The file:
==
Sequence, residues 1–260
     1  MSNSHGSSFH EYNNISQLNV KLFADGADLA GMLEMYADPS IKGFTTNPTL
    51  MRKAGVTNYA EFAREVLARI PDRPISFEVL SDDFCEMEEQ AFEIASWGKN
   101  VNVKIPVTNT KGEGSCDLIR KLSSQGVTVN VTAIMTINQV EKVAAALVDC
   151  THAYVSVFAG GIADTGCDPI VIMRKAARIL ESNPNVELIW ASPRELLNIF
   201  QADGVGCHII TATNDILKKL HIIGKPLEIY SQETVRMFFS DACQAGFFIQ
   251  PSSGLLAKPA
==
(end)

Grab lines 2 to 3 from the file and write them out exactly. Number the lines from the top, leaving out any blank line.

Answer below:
     1  MSNSHGSSFH EYNNISQLNV KLFADGADLA GMLEMYADPS IKGFTTNPTL
    51  MRKAGVTNYA EFAREVLARI PDRPISFEVL SDDFCEMEEQ AFEIASWGKN